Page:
Agent Summit 2H2015 Key Takeaways

27 July 2015

 

Key takeaways from the PropertyGuru Agent Summit 2H2015 

The recently concluded PropertyGuru Agent Summit was aimed to provide attendees with ‘building blocks’ for greater success for the rest of 2015. This was hopefully achieved through the keen insights of our industry gurus! Here are the some of the takeaways at-a-glance.

 

On selling in the government housing sector (EC & HDB Resale):

 

It is the duty of the agent to help their owner clients understand their priorities

It is important for an agent to understand the priority of the owner client. Is it their priority to sell or to take a wait-and-see approach? It is only through understanding their priorities that the agent can apply a solution for their client that would convince them that their priorities can be met OR that they are harping on the wrong ones. At the end of the day, a good agent will sit down with their clients and truly understand what they want out of the sale.

 

Understanding the ‘Sellability Factor’ of your owner client’s property is highly important

One of our speaker, Mr Lim Yong Hock, KEO of PropNex Realty, coined a term called the ‘Sellability Factor’. This refers to the chance of which a property can be sold, based on the ratio of a particular property against all other similar properties in the market. If an agent can grasp this and help their clients understand the ‘Sellability Factor’ of their properties, the agent can then better manage expectations, especially in terms of the owner client’s asking price.

 

On emerging overseas markets:

 

One of the key reasons for the popularity of properties in emerging markets stems from its affordability and lack of financial restrictions

Apart from obvious financing restraints (such as the TDSR) placed on Singaporean property investors on local properties, properties in emerging markets allows investors to purchase in cash, with its lower quantum value. Its affordability means investors can purchase in these markets without the hassle of refinancing their loans.

 

Currency exposure can be a doubled-edged sword when investing in properties in emerging markets

The fluctuation of a property in emerging markets can mean that even a loss-making property investment could end up being a profitable one should the valued of the currency of that particular country goes up. However, the inverse could be true as well. A profit-making property could turn out to be a loss, should the value of the currency of the country the property is situated in drops.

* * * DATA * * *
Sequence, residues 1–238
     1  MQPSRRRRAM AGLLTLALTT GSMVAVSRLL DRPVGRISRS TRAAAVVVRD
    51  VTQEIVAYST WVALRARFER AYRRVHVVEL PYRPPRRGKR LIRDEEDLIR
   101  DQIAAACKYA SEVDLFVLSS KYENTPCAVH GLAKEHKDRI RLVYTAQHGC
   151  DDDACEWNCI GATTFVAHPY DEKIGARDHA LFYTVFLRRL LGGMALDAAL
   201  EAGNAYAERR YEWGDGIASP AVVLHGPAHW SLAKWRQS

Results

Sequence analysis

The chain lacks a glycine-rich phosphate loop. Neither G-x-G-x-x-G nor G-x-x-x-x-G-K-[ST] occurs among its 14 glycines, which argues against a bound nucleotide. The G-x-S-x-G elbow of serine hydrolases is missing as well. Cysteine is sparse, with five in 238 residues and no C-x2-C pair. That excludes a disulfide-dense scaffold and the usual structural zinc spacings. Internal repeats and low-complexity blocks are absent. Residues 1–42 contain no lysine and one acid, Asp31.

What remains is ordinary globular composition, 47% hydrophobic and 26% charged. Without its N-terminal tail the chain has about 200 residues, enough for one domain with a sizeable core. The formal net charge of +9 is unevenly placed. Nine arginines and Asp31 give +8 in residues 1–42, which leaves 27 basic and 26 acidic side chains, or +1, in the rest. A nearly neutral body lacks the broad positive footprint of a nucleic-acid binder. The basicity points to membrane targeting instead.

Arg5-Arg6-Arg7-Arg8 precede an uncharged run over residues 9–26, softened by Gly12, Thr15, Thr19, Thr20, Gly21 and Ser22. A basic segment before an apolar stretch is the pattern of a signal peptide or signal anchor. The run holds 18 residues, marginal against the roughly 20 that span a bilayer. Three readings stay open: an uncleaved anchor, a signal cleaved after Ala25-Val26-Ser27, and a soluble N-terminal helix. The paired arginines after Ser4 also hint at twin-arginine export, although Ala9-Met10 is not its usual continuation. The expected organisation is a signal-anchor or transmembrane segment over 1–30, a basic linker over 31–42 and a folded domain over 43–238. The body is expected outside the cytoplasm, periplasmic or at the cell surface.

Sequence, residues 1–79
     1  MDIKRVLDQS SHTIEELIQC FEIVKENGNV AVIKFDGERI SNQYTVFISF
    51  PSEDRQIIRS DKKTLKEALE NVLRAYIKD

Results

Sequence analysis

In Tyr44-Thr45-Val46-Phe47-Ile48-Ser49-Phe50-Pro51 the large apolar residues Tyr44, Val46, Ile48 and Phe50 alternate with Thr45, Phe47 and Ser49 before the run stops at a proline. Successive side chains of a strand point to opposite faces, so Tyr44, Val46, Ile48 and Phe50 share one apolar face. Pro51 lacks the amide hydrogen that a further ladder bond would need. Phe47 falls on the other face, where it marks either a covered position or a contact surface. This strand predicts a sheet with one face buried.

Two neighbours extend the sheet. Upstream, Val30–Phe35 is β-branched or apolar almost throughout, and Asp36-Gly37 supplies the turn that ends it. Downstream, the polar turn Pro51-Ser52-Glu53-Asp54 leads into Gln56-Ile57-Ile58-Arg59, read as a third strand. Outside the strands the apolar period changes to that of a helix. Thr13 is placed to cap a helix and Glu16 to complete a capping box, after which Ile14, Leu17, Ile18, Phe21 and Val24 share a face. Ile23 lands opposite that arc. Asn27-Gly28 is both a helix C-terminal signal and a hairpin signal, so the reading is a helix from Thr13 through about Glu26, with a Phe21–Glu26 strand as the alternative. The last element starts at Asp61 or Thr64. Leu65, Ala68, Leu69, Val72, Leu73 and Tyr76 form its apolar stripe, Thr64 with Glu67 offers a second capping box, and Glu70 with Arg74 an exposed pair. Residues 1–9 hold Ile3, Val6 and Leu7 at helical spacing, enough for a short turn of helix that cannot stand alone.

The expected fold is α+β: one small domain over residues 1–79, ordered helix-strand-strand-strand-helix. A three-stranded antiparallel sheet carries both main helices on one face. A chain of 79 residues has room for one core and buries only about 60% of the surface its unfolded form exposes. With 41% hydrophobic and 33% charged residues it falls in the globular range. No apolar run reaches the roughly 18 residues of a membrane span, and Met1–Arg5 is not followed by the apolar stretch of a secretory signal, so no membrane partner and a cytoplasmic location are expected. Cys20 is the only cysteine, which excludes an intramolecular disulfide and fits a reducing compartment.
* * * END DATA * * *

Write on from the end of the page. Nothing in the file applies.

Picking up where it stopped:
On the private residential market:

 

Rate of price decline in the local private residential market has slowed down

In his presentation, Mr Eugene Lim, KEO of ERA Realty Network, noted that if we were to compare the decline in price index between the first half of 2014 and that of 2015, there is a slowdown in this decline, with 1H2015 closing at a 1.9% drop compared to 2.3% for 1H2014. In fact, resale prices in June 2015 in certain sectors have increased. We are finally seeing a slight property price resistance.

 

One way to deal with the tight financing guidelines and to be more productive, is to first qualify your clients before showing them an appropriate property to purchase

Instead of showing your clients properties of which might be to their liking and criteria, an agent should now work the other way – to help their clients sort out their finances and understand the affordability levels. Only with this can an agent show their clients properties of which they can afford, thus increasing the agent’s level of productivity.

 

On the commercial market:

 

It is essential for an agent working the commercial market to know the breakdown of various sectors and the finer demarcations within these sectors, so you can speak the right ‘lingo’.

The commercial market can be divided into the following sectors and within these sectors, there are further demarcations:
Office: Grade A, B and C
Retail: Shopping Centres, Mixed Developments and Integrated Developments
Shophouse: Conservation Shop houses and HDB Shop houses (sold between ’91 – ’98)
Warehouse: 30yrs, 60yrs, 99yrs and Freehold
Factories: 30yrs, 60yrs, 999yrs, Freehold, Business 1 & 2, Ramp-up, Flatted and JTC industrial prepared land

 


The typical pitfalls faced by an agent working the commercial market can be easily missed if the agent does not pay enough attention to the finer details

There are problems that our speaker, Francis Tan, CIO of SLP Scotia repeatedly sees agents face. These are problems and pitfalls of which he feels agents can avoid by understanding contractual issues better. The key pitfalls he had listed stems from:
Knowledge of basic T&Cs of a commercial contract
Understanding of the concept of ‘Rent Free’ or ‘Fitting out period’
Being clear about ‘master’ and ‘sub-meters’ for spaces that are sub-divided

 

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The PropertyGuru Agent Summit was held on 15 July 2015 and attended by over 400 agents keen to build greater success for their business for the second half 2015. Speakers and topics include:

• Finding success, selling in the government housing sector (EC & HDB Resale)
  Lim Yong Hock, KEO, PropNex Realty

• Overseas properties and the increasing popularity of emerging markets explained
Sarah Nicholson, Head of Int’l Proj. Marketing, CBRE

• Tips to closing more deals in the private residential sector
  Eugene Lim, KEO, ERA Realty Pte Ltd

• How is the commercial market shaping up for the rest of 2015?
Francis Tan, Chief Investment Officer, SLP Scotia

Watch full video recordings of all the presentations >>